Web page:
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be raised to 49 percent. The Indian government already permits a 74 percent stake in domestic all-cargo airlines in the form of foreign direct investment from non-Indian interests.

Manufacturers’ outlook In its current 20-year World Air Cargo Forecast, Boeing Commercial Airplanes predicts that while world air cargo growth will expand at a 5.8 percent annual rate for the next five years, the Indian air freight market will grow at a faster rate of 8.5 percent a year over the same period. Boeing India president Dinesh Keskar

commented: “Robust growth with new economic prosperity amongst a massive Indian population, discretionary incomes, business progress and access to airports will increase airplane demand.” As a result, he said that “both the air travel and air cargo markets will grow”. European aircraft maker Airbus

considers that the Indian aviation sector will be a “very strong business” in the long run. The Toulouse-based company estimates that Indian carriers will need some 1,000 new aircraft – including over 60 A380-size aircraft – by 2028 to meet the current projections of passenger and freight demand. Ten years from now a “thousand

planes will seem like a small number”, said Airbus (India) president Kiran Rao. “At the moment it’s a tough situation in India, but in the long run it will be very solid business.” Govindarajan Bashyam, chief

operating officer of Chennai-based training consultancy Tirwin Management Services, feels that the Indian air freight industry can match up to its potential in the future. “Though the going may be dull

right now, the future will certainly see great growth,” he said. New products and new markets will drive the industry, Bashyam believes, but he cautions that the amount of bureaucracy, a lack of user-friendly processes and the shortage of physical infrastructure is holding back the development of the air cargo business in India. So, with huge aircraft orders in place, a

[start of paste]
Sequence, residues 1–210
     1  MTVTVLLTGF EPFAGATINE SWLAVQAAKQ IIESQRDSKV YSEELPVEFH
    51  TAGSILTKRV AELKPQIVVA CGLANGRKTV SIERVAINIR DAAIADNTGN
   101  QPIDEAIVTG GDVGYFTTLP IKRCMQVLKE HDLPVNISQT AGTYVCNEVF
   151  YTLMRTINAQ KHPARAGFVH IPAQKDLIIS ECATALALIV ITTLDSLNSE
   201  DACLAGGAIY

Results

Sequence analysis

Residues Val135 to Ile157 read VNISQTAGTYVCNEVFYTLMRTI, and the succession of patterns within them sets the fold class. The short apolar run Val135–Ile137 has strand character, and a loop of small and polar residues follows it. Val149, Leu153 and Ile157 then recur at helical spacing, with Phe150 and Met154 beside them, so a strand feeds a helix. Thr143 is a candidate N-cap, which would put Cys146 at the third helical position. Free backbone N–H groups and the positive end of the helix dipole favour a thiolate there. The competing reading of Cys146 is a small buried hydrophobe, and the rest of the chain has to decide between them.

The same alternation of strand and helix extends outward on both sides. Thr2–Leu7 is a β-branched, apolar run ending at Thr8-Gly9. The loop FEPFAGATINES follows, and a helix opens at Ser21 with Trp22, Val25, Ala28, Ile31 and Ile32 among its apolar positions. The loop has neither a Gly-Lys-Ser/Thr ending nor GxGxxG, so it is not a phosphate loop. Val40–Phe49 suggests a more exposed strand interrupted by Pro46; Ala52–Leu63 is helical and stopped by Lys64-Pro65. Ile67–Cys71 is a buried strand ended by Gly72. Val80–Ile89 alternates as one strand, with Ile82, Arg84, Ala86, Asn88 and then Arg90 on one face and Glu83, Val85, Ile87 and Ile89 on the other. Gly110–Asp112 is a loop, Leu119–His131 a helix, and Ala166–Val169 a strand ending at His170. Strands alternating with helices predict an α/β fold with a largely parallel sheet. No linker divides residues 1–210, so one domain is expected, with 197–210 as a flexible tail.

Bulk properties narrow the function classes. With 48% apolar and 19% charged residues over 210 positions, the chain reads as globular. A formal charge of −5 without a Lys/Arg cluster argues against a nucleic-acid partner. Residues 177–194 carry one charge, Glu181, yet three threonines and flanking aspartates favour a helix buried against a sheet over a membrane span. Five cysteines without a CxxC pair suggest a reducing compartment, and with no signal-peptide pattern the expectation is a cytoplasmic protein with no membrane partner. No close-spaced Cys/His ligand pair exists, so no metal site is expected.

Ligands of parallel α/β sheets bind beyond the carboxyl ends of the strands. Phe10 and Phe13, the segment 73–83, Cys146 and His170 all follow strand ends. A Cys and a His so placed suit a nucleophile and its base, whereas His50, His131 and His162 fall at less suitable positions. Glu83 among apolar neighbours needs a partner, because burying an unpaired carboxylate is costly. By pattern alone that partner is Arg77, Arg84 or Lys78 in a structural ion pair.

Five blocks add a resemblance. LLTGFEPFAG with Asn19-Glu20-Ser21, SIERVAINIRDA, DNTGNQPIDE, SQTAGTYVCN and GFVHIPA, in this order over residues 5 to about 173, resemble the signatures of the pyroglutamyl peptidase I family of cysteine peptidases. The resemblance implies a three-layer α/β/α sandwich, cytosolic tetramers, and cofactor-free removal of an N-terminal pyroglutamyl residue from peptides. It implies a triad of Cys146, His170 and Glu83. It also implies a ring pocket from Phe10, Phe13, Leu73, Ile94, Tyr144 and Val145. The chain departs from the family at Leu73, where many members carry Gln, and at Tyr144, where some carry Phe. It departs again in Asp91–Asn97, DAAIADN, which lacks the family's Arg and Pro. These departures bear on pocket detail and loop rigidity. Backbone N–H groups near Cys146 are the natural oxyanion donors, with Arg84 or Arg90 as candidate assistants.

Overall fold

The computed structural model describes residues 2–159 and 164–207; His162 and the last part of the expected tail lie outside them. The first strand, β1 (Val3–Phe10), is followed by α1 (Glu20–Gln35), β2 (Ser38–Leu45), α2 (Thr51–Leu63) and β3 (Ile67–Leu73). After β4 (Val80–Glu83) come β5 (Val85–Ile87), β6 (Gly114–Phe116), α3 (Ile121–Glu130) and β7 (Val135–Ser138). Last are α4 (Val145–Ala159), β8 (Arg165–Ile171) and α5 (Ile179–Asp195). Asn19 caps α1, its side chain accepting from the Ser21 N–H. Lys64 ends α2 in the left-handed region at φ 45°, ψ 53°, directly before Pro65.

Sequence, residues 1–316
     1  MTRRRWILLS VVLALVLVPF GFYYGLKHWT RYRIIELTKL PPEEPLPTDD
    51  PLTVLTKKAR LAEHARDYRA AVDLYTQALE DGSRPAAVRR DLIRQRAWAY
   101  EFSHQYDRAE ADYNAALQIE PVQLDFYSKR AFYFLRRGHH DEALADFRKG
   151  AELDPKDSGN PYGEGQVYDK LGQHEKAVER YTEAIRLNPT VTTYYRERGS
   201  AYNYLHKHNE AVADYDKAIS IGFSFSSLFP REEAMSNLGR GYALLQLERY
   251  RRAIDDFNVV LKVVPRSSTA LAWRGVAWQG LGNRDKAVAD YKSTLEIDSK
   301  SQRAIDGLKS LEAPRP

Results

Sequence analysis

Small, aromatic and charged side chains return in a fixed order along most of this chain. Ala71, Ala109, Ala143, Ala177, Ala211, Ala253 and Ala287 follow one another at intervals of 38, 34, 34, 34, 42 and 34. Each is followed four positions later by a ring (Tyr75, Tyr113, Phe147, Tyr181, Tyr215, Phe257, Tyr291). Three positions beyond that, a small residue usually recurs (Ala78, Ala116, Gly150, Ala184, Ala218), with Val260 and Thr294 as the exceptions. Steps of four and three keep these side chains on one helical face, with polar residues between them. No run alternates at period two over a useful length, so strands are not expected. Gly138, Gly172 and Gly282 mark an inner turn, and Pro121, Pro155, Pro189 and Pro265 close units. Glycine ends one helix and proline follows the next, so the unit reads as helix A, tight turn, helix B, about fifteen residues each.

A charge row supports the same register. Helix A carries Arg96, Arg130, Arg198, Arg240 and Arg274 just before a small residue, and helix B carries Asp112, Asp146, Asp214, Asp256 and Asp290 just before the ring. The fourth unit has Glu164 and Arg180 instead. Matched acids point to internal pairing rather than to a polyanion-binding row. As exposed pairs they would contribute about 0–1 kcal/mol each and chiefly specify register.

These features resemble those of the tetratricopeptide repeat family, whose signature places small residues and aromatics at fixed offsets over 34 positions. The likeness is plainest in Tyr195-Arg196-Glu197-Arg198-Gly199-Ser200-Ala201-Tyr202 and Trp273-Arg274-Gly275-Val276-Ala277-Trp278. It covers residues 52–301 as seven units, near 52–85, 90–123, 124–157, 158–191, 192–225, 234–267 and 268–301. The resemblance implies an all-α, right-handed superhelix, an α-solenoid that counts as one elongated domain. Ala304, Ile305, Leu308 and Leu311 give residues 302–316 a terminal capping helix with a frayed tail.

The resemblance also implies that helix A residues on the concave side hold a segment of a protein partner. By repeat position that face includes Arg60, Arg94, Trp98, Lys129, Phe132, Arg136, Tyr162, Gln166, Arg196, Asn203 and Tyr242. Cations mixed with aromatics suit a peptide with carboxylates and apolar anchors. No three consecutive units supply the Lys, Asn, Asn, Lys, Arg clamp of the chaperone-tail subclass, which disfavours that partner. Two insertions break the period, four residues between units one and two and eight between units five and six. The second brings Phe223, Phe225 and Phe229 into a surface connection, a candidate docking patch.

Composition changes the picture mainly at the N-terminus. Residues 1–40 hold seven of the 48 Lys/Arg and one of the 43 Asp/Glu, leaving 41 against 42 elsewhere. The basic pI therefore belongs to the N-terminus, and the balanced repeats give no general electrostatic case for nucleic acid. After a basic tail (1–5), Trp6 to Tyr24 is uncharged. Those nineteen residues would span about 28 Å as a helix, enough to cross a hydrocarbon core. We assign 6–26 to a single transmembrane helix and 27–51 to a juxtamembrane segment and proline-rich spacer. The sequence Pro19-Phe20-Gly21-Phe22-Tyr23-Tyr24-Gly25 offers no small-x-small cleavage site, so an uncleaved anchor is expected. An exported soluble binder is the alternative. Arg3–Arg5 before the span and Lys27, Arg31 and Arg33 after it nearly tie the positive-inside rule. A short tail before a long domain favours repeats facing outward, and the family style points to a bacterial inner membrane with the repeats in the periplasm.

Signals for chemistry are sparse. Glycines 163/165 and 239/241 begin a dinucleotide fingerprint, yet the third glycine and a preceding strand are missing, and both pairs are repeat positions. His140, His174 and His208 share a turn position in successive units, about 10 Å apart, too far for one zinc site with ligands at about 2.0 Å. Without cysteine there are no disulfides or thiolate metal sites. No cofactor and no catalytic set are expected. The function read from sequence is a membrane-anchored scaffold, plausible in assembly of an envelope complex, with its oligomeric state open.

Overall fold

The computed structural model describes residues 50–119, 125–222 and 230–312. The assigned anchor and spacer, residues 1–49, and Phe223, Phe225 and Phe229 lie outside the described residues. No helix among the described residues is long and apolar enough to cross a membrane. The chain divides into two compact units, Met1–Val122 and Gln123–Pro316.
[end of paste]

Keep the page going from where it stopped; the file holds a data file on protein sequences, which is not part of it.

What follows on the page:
massive scheme to build new airports and upgrade existing gateways, as well as a burning ambition to succeed from those working in industry and commerce, the air freight industry in India is still making only slow, uncertain, cash- strapped steps in its progression. Nevertheless, after 65 years of independence, the country’s private sector is a mature market and it has a wide scope. India’s entrepreneurs have the capacity to rise to the occasion.

Reins of progress One of India’s most closely guarded treasures is its democratic process. Unfortunately, with a massive population fed by a vibrant, vociferous and popular media, development of the air logistics business in India at the speed required in the modern world often appears to be hampered because it really does seem that everyone demands a say. In many ways India has suffered from a

series of relatively ineffective coalition governments that have prevented the country from pursuing its goals with the single-minded determination of nations like China or the UAE; it is here that an effective leadership needs to step in, firmly take hold of the reins of progress and drive the country forward.



“both the air travel and

air cargo markets will grow”

now a “thousand planes will seem like a small number”

Ten years from

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